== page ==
Because many work on illegal grows, they suspect law enforcement won’t do anything anyway. And because the industry attracts a young and transient workforce, victims – who may come with their own troubled histories – do not always recognize they are being abused.
One teen from Humboldt County said she started working for a local grower when she was 12. He gave her methamphetamine to speed up her trimming work, she said, and passed her around to pay off his debts.
“If you’re tweaking, you’re good,” she said, touting her trimming prowess. “I did, like, a couple pounds in like one night.”
The girl eventually ran away, reaching a youth homeless shelter in the county seat of Eureka, only to discover that pimps were using it as a hunting ground. At 14, she said, she became their recruiter.
She wasn’t the only one. At least two other shelter residents said men used them to recruit other teens, according to a report later submitted to the state Department of Social Services. The shelter’s executive director, Patt Sweeney, said he was aware teens in the program had been trafficked for sex.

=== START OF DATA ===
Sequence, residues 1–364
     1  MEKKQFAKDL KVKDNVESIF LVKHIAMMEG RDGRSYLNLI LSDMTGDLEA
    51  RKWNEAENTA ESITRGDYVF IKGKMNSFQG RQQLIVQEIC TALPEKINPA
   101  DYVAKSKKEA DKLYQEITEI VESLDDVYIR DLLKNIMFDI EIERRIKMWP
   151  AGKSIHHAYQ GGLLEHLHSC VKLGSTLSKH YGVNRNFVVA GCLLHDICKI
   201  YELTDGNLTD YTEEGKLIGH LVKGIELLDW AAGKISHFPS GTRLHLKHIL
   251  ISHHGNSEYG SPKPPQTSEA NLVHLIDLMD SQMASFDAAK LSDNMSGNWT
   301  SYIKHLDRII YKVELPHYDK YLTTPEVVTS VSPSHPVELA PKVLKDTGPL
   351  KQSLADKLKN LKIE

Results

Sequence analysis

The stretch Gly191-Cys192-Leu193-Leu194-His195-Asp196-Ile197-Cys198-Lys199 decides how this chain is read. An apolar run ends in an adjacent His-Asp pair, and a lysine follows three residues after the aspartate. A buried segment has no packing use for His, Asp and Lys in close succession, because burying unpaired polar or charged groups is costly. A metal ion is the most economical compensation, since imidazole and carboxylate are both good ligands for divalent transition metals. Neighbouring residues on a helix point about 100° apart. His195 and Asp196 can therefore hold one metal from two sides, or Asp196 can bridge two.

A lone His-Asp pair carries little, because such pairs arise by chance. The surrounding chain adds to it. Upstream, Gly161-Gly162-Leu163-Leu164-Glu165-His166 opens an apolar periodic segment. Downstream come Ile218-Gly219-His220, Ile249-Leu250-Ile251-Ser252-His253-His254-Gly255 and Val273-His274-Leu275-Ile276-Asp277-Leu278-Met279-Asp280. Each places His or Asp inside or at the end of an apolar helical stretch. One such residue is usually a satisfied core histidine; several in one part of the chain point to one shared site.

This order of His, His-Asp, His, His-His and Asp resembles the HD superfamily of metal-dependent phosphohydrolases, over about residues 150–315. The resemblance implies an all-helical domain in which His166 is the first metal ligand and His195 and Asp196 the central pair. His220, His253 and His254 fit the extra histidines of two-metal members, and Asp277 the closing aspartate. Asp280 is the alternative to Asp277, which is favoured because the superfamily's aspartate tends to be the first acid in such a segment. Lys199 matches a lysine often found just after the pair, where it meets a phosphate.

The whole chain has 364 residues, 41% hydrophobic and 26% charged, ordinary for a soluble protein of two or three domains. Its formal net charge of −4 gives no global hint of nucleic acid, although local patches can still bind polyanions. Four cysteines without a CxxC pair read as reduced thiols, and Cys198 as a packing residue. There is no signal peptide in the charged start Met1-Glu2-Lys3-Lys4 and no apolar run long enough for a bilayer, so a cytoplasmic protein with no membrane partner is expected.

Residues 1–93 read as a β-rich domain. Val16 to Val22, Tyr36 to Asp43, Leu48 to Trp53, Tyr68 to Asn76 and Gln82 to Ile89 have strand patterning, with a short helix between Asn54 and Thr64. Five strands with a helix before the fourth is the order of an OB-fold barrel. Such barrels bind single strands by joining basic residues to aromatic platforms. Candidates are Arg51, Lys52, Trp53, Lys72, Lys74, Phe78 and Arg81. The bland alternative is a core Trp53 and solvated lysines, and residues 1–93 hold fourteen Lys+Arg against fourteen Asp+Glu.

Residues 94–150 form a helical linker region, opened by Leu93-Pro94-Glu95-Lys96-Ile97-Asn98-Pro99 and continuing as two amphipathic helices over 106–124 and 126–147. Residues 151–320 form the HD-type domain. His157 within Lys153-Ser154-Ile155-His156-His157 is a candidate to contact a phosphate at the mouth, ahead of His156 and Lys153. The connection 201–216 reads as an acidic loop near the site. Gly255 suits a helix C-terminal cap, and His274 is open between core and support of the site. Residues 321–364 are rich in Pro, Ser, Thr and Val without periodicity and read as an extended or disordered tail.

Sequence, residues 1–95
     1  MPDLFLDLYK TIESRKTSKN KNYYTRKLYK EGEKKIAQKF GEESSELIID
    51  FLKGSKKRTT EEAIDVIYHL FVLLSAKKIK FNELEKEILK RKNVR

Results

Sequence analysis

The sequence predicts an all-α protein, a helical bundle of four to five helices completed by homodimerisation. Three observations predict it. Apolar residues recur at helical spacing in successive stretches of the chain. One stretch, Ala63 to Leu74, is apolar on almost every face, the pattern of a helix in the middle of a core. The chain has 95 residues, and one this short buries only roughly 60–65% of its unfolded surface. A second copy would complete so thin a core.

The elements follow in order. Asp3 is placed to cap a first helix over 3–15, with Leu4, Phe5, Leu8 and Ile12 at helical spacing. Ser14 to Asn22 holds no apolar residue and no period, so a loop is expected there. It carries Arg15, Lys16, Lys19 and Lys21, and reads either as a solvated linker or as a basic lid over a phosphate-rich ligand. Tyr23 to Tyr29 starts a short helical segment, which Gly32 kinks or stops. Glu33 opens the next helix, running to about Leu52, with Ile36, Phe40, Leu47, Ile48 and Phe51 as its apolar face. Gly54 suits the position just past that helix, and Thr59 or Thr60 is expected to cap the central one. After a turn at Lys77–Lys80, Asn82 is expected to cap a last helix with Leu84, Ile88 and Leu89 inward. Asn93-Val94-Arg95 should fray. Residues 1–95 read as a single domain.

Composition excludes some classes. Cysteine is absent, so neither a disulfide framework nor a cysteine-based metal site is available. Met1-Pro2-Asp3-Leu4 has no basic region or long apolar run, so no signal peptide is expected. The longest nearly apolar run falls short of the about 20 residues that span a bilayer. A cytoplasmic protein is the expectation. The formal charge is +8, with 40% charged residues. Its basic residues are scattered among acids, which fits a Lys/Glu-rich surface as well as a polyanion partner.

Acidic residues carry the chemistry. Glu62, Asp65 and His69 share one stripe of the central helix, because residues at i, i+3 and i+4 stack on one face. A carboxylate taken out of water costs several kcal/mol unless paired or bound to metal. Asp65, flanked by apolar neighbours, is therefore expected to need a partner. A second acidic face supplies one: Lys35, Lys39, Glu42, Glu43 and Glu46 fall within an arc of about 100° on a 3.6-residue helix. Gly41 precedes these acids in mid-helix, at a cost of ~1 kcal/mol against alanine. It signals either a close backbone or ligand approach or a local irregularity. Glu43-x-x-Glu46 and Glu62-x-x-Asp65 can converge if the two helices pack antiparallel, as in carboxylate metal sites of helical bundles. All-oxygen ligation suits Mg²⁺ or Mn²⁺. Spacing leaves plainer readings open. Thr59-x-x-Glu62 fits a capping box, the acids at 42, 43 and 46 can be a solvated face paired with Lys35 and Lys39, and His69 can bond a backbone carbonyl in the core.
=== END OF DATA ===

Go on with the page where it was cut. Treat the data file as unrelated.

“We’ve made reports to law enforcement,” he said. “It’s just very hard to prosecute.”
In exchange for alcohol and marijuana, the girl brought other teens to parties at local motels, where they were given drugs and alcohol and had sex, sometimes by force. She said the parties drew growers and gang members involved in marijuana distribution. Because she brought girls, she said she was never assaulted – and the music and dancing could be fun. But she doesn’t remember much.
“I was always drunk,” she said with a shrug. “And then we’d just go buy more drugs.”
Many of the girls she met at the shelter and parties also traveled south to trim on marijuana farms. Once there, she said, some found they were expected to do more than trim.